Thursday, September 1, 2011

Can You Contain It??? - Load Compatibility - Part 4

As we have reviewed over the past few weeks, there are many factors to consider to ensure that produce can be safely shipped in a single trailer. We have so far reviewed odor absorption tendencies, ethylene sensitivity, and optimal product temperature.

But what about packaging??? Different products require different types of packaging for transport to ensure that they will look their best in the aisles. So, if you are hauling a mixer load, you may see various types of containers and packaging on the truck!

The main function of packaging is to protect the product from mechanical and environmental conditions throughout the marketing chain, from the growers field all the way to the grocery store produce aisles. Convenient handling is critical; the product should easily fit in to the shape of the container and space should be maximized. Packaging also serves another important function; it can identify facts about the product, such as brand, size, grade, weight, count, shipper, and sometimes even origin. Packaging geared towards consumers can also include value-added extras such as recipes, and nutritional information.

Common materials that are used in produce packaging are wood, corrugated fiberboard, and plastic.

Below are the considerations that are used to determine the type of packaging that will be used:

- Disposal – recyclable and/or biodegradable choices are becoming more and more popular and the industry turns green. These choices are often good on the financial side too, since many markets and areas have restrictions and hefty charges for the disposal of packaging material.

 - Humidity & Moisture – packaging plays a major role in moisture control. Some produce – such as onions and potatoes – requires moisture to easily flow away. Others – such as asparagus – require packaging that retains moisture. And products that are shipped either with ice in the container, or with top ice must maintain their structural integrity under the wet conditions products by the melting ice. Soggy and collapsed containers never look nice upon delivery!!! Finally, products that are hydro-cooled in their boxes will also require water-resistant packaging.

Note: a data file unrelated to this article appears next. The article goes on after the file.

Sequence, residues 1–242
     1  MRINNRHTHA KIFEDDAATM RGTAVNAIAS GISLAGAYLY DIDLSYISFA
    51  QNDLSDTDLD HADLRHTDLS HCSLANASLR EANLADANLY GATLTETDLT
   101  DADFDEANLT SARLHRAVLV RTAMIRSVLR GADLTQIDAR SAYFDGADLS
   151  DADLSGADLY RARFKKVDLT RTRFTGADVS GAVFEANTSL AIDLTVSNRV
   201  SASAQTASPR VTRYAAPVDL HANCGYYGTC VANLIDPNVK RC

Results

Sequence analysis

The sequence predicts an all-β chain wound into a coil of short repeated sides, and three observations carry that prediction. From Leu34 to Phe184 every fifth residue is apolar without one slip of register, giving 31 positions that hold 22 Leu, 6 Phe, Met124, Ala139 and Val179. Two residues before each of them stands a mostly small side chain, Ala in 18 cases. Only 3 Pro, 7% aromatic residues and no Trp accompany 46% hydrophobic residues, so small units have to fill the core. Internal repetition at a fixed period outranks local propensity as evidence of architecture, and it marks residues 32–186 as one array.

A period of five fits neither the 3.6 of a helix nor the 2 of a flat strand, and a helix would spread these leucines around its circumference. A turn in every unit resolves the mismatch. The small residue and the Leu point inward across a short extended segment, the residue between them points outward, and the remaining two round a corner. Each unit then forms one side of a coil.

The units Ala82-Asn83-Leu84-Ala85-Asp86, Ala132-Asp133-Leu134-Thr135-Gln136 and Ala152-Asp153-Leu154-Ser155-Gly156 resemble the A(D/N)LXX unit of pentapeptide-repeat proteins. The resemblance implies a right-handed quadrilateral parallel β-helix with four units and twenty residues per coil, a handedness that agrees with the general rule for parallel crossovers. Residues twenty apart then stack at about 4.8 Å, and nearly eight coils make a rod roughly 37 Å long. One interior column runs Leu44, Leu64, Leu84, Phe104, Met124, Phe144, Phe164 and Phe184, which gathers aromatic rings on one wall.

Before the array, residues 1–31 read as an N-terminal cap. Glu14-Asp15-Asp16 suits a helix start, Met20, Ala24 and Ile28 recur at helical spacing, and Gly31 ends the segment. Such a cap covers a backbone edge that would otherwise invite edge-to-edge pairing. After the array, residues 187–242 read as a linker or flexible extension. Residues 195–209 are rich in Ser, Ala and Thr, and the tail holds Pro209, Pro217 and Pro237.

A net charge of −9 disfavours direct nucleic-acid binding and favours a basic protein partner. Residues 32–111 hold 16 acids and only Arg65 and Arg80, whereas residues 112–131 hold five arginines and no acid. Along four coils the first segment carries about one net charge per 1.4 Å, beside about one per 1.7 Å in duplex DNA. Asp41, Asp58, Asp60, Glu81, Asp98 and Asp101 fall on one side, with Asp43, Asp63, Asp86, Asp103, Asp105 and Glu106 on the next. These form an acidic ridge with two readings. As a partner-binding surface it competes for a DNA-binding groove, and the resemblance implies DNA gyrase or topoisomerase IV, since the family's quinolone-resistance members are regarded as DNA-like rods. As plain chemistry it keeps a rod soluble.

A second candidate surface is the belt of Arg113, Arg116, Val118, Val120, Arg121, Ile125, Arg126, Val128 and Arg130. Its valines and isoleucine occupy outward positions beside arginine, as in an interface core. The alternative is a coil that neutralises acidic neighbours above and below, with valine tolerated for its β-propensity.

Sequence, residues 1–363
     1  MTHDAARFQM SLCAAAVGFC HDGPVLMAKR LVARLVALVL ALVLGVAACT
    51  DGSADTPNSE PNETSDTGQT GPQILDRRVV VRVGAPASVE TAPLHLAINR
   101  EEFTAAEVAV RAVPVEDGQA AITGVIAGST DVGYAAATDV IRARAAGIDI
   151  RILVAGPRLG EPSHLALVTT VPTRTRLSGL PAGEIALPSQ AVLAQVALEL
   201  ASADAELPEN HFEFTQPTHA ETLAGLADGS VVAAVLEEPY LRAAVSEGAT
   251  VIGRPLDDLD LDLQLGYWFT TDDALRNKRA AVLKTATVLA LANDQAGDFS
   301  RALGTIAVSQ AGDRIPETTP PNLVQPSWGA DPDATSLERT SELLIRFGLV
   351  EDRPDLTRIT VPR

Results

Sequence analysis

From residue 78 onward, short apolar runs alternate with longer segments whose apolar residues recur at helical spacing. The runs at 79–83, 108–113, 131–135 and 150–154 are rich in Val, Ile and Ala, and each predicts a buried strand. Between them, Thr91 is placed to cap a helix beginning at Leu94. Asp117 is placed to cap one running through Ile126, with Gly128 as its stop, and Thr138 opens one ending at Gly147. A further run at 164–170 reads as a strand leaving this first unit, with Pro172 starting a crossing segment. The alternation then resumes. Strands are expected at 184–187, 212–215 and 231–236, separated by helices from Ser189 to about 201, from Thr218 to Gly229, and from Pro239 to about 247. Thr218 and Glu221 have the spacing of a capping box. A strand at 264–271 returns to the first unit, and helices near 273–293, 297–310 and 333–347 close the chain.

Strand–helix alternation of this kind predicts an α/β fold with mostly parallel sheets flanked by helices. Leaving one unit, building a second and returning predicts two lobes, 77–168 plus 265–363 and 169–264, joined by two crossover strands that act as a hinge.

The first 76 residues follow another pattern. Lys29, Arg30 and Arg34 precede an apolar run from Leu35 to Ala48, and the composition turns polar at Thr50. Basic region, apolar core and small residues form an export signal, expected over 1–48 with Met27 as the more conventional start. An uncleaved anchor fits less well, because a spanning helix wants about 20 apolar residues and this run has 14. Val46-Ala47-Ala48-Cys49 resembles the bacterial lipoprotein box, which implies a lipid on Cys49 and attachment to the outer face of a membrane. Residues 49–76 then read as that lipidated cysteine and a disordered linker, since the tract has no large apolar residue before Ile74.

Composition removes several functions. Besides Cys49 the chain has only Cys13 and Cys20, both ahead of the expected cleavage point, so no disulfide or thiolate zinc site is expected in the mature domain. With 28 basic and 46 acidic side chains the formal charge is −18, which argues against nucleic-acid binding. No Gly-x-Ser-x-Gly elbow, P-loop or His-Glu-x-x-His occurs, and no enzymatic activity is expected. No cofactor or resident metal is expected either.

- Sanitation – Fresh cut and value added products require packaging that can easily be cleaned. And reusable/returnable packaging must be developed so that it is easily cleaned when returned for re-use.

- Strength – most importantly, the packaging must protect the produce while it is in transit. In addition, the packaging material must arrive in optimal condition. Collapsed, dented, or torn containers indicates possible damage to the product inside, which will affect sales.

 - Tare Weights – Freight is always an important cost in marketing of produce. Dealers continually want to maximize the weight of saleable product; this means minimizing the weight of packaging material.

 - Ventilation – ventilation is essential for most produce. Venting allows heat to escape and cold air to be forced through the containers. Containers are often made so that they vents will match up to nearby containers to allow for free-flowing air throughout the trailer. It is critical that the vents are not too large or numerous, because this can weaken the container and cause collapse during transit.

 As this series has shown, there is much that goes into making sure that the apple that you pick out of the produce aisle looks its best! It is a labor of love! Speaking of labor, Happy Labor Day to all our readers!! We hope you have a safe and enjoyable long weekend!


Commodity References – Common Shipping Containers. Accessed on Sept 1, 2011.

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